Medical malpractice is somewhat of a tricky issue. Just because you think you have a medical malpractice claim, you might not. Medicine is something that’s always changing and is very subjective in many ways, although you might not think so initially. Doctors and practitioners tend to have a lot of legal leeway as a result.

However, it also has to be understood that doctors and health care providers have people’s lives in their hands each and every day and as such, they are held to a high standard.

According to law firm Mirman, Markovits& Landau, laws in states like New York do tend to favor doctors and insurance companies rather than injured patients. That underscores the importance of working with a professional legal representative if you do think you have a medical malpractice case.

The following are things to know about a potential medical malpractice claim.

What Requirements Have to Be Met?

To have a successful medical malpractice claim, you have to show all of the following:

  • You have to be able to show there was a doctor-patient relationship with the care provider you’re suing. As an example, if you speak with a doctor on an informal basis, perhaps as friends, you can’t sue them for the advice they gave you. The physician typically has to have directly treated you.
  • You have to show the doctor was negligent. If you’re not happy with the outcome, that’s not necessarily enough to show the doctor is liable for malpractice. A doctor will have to be shown to have been negligent in your treatment or diagnosis.
  • There are often questions of whether or not a doctor’s negligence caused the injury at hand because the patient may have already been unwell or injured. Therefore in a medical malpractice claim, you have to be able to show that the doctor’s negligence caused the death if there is a death or the injury.

The types of harm a patient can sue for include physical pain and mental anguish, additional medical bills, and time lost from work.

Types of Medical Malpractice

Different situations can then lead to a malpractice claim.

One is a failure to diagnose. If another doctor under the same circumstances would have identified a patient’s illness or diagnosed it properly, which might have led to a better outcome, then the patient may have a claim.

Improper treatment is another basis for a malpractice claim and again in this situation, it’s compared against the standard of a doctor treating a patient in a way that no other competent professional would.

If a doctor doesn’t inform a patient of known risks of a treatment or procedure, there may be a basis for a claim.

What Else to Know

With medical malpractice claims, there are a lot of particular laws and rules guiding them.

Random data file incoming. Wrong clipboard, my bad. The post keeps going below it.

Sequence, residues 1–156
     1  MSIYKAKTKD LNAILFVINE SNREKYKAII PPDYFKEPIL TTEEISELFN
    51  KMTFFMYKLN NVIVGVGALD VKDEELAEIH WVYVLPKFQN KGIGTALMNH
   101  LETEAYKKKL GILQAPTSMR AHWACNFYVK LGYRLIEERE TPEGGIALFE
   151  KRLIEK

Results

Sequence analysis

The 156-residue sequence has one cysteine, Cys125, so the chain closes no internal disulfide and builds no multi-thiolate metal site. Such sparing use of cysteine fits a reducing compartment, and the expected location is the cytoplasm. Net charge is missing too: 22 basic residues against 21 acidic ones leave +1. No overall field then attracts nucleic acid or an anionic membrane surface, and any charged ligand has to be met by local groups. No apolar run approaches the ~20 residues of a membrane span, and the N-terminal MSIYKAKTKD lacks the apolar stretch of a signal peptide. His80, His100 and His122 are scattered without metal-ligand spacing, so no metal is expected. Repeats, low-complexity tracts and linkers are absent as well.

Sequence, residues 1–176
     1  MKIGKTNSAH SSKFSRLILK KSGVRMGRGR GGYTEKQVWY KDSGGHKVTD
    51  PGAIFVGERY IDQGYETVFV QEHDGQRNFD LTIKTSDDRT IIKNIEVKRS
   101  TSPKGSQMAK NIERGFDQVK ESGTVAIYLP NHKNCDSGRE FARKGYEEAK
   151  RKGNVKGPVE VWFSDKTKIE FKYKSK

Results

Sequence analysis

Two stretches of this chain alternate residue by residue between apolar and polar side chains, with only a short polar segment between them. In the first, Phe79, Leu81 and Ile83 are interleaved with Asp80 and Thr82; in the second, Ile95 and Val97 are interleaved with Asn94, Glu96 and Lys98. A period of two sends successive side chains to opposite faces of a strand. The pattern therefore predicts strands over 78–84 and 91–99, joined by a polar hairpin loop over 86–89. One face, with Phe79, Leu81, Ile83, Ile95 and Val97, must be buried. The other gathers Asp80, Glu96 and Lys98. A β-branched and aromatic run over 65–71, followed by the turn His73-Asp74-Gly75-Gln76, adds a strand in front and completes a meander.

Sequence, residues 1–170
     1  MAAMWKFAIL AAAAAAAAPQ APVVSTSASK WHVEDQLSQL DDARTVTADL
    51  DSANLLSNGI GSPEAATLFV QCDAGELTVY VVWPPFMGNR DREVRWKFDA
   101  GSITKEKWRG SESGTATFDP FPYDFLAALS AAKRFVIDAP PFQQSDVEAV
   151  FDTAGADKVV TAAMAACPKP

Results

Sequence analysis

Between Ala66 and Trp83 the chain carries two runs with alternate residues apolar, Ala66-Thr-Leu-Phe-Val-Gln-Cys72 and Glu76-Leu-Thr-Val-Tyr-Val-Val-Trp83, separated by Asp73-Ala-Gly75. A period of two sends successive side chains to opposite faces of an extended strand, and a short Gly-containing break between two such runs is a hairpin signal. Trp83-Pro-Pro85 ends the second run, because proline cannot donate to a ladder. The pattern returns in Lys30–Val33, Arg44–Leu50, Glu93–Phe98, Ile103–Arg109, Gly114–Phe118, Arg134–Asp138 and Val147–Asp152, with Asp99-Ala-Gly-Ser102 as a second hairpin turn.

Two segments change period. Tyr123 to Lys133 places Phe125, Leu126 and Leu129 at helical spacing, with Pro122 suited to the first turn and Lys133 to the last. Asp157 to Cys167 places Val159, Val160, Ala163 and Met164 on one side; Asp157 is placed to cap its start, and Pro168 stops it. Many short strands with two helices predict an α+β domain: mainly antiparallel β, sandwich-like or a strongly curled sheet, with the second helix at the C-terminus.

For example, in almost all states, you have to bring your claim relatively quickly. The statute of limitations is typically between six months and two years after the injury.

Many states make a patient submit their claim initially to a malpractice review panel. The panel is made up of experts and it’s their job to hear arguments, go over the evidence, and listen to expert testimony. They can then make a determination of whether or not it’s a case of malpractice.

The panel doesn’t replace the lawsuit, and they don’t award damages, but it’s instead somewhat of a barrier to getting to court.

In some states, you may need to give the doctor notice of a claim before you can file it, meaning you submit a description of the situation to them in writing.

In medical malpractice claims, expert opinions are almost always an important feature of a patient’s case. Experts will need to be at the trial, almost always.

State rules dictate who’s considered an expert.

Also, most states put a cap or limit on how much can be awarded to someone who sues for medical malpractice.

Some states are also starting to make you get what’s called a certificate of merit before you begin a medical malpractice case. That’s used as a way to determine if the injuries you had were really from the negligence of a health care professional.

To file a certificate of merit, you usually have to contact another doctor who will go over your records and certify that the person providing your care deviated from the accepted practices and that led to your injuries.

Overall, medical malpractice claims are challenging and complex, which is why if you think you have a case it’s better to contact a legal professional sooner rather than later.

Cite this article as:
Editorial Staff, "When Could You Have a Medical Malpractice Claim?," in Medicalopedia, July 6, 2020, [Permalink: https://www.medicalopedia.org/9050/when-could-you-have-a-medical-malpractice-claim/].